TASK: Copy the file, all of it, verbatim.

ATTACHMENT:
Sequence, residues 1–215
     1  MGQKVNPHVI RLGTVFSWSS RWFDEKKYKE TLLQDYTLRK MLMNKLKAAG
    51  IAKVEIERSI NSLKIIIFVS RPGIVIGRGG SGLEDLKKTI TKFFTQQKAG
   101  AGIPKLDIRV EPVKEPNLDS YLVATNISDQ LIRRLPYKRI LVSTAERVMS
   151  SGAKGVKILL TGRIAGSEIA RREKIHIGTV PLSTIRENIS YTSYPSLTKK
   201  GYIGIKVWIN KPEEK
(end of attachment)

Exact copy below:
Sequence, residues 1–215
     1  MGQKVNPHVI RLGTVFSWSS RWFDEKKYKE TLLQDYTLRK MLMNKLKAAG
    51  IAKVEIERSI NSLKIIIFVS RPGIVIGRGG SGLEDLKKTI TKFFTQQKAG
   101  AGIPKLDIRV EPVKEPNLDS YLVATNISDQ LIRRLPYKRI LVSTAERVMS
   151  SGAKGVKILL TGRIAGSEIA RREKIHIGTV PLSTIRENIS YTSYPSLTKK
   201  GYIGIKVWIN KPEEK